“We must lead by example,” he said at a rally outside the Stetson Branch Library. “We must remember that our children are watching you, and will model whatever they do after you. If you pick up a gun, they’re going to pick up a gun.”
But before people knew Carmon for his anti-violence work, he was just a kid growing up in New Haven. Born in 1977, Carmon was raised across several of the city’s neighborhoods as one of three kids. Despite the fact that his mom and step-dad both worked, he said he sensed that his family needed additional financial support. At 12, he turned to selling drugs.
“It’s [it was] all about the money,” he told himself. His mindset was fixed on helping his family.
When Carmon was 12, it led him to back to housing projects in New Haven’s Dixwell neighborhood, where he had spent some of his childhood. There, Carmon recalled, drugs were easy to obtain. He began selling as a way to make money, then found himself caught in a cycle that he couldn’t break. When he was 18, Carmon moved out of his family’s home and in with friends.
He kept selling drugs as a way to make money, watching as business grew. But at 24, Carmon said the law started catching up to him. In a recent interview, he recalled walking down Howe Street, angry at both himself and the city while thinking about the consequences of drug trafficking. As his faith wavered, he lifted his voice to the sky and began talking to God.
“Well God,” he said out loud. “if you’re real, show me you’re real. Get me out of this.”
Something told him to go inside the Young Men’s Christian Association (YMCA) on Chapel Street, and visit an old friend named Thomas “Mr. A” Anastasio. The two began catching up on each other’s lives. When Anastasio found out that Carmon risked jail time, he offered him a job instead of an admonishment.
The YMCA needed someone to monitor kids in the game room, Anastasio explained. He asked if Carmon might be up for it. Carmon said yes right away.
At first, Carmon interacted very little with the kids who used the game room. He told them what was allowed and what wasn’t, and they followed the rules. He recalled feeling that the job was boring; all he did was watch middle and high school students argue and play old video games.
But then Carmon realized that they were bored—in part because they were playing on old equipment. He bought several new games and game systems to liven the area up. His once average group of 10 kids per week turned into 25 to 30, and kept growing. The room, by his estimation, became the most popular room in the YMCA. His bonds became stronger with the kids, and so did the interactions between them.
The YMCA became a turning point for him in ways that he couldn’t have expected. One day early in the job, he skipped work to sell drugs. He said he knew instinctively that it was a mistake—he didn’t feel right afterwards. The next day at work, several of his game room regulars wanted to know where he’d been.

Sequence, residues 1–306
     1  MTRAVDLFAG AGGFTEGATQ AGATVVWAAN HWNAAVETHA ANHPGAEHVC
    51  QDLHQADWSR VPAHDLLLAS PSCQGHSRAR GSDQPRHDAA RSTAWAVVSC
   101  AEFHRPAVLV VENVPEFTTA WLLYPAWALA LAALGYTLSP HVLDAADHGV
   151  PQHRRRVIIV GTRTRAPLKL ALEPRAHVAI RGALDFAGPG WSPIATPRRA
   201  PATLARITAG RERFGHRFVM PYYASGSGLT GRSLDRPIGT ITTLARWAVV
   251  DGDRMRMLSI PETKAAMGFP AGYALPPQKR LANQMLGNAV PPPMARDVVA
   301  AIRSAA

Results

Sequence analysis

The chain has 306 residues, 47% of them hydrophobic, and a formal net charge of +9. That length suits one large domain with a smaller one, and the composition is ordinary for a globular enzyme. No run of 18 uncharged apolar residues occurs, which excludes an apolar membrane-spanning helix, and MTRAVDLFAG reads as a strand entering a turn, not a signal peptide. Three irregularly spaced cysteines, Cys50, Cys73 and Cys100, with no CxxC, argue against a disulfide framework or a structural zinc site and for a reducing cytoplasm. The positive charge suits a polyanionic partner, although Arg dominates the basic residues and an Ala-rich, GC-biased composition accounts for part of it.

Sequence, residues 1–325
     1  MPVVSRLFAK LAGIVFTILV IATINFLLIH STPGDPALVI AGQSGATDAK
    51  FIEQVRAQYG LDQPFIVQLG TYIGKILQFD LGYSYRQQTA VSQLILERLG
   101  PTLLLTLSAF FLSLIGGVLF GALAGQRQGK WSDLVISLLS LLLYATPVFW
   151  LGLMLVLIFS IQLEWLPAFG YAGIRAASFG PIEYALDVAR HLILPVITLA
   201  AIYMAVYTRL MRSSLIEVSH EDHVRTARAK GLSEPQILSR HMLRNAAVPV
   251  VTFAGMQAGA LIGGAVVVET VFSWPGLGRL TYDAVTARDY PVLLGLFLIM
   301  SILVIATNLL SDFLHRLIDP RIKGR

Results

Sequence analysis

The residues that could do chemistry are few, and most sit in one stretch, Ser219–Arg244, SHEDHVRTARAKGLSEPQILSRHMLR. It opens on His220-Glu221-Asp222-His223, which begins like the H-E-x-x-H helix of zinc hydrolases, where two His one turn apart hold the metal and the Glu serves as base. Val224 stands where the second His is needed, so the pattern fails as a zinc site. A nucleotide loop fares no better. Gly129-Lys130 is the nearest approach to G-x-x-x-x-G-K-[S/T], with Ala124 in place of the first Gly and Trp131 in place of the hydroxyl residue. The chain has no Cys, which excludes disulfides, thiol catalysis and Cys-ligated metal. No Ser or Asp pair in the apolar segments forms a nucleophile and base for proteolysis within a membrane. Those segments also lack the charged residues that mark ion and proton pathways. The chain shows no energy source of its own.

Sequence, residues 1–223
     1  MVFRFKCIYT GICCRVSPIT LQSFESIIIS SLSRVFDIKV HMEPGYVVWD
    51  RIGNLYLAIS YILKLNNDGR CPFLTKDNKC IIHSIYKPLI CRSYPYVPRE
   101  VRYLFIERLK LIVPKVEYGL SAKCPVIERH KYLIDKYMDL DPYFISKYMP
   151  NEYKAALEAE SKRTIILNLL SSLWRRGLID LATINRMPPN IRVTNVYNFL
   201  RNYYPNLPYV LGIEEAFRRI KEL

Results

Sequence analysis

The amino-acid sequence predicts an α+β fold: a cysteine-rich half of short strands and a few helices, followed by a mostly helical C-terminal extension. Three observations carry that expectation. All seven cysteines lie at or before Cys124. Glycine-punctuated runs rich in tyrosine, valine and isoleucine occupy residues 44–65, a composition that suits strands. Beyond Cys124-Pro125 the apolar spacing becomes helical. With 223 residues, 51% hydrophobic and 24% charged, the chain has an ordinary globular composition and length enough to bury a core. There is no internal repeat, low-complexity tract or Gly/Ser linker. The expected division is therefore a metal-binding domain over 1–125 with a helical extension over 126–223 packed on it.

One by one, they told him they’d been planning to do “bad things” in his absence. Some said they thought of stealing cars and fighting with other people. Deep within Carmon, something clicked. If he didn’t miss work, the kids who looked up to him would stay on track. He made a deal with the kids: he would come everyday if they stayed out of trouble and made honors.
Maybe kids at the YMCA thought Carmon saved them, he said. But it was the other way around: they had saved him. Just months into that job, he realized that he wanted to work with youth as a way to give back to the community.
In 2000, he was awarded the Building Strong Kids Of America award from the national YMCA. That year, he also joined the New Haven Public Schools (NHPS) district as a teacher’s assistant, working in several of the district’s schools. For years, he recalled, that classroom experience sustained him.
Then in 2014, Carmon got a call from Darrell “D-Russ” Allick, who had founded Ice The Beef in 2011 as a nonviolent alternative for New Haven youth. Allick’s mission was a deeply personal one: his younger brother Donell had died as a victim of gun violence earlier that year. Now Allick wanted to know if Carmon would come on as director of the organization. Carmon accepted—but had three cautionary words for Allick.
“Save ‘em first!” he said.
When Carmon stepped into his current role at Ice The Beef, he built an arts core into Allick’s mission, adding vocal music, spoken word performance and dance as pathways to nonviolence. In his five years leading the organization, he has turned to that approach because “I really want them [students] to be able to use their words,” he said in an interview last year.
In the past two years, that outlet has helped guide both Ice the Beef’s youth and Carmon himself through the death of friend and fellow Ice The Beef member Tyrick “Reese” Keyes, whose young life was cut short by gun violence in summer 2017. It has translated to performances at schools, local theaters, and nationally-recognized music venues like the Apollo.
Recently, three members have also formed Kompozure, a teen doo-wop group that has consistently brought New Haven audiences to its feet, and recently performed for Mayor Toni Harp. For Carmon, it’s all in a day’s work.
“It's not about the money,” he said. “It’s not about me. It’s about our children’s future.”
This piece comes to the Arts Paper through the second annual Youth Arts Journalism Initiative (YAJI), a program of the Arts Council of Greater New Haven and the New Haven Free Public Library. Over eight weeks this spring, ten New Haven Public Schools (NHPS) students will be working with Arts Paper Editor Lucy Gellman and YAJI Program Assistant Melanie Espinal to produce four articles, for each of which they are compensated. Read more about the programhere.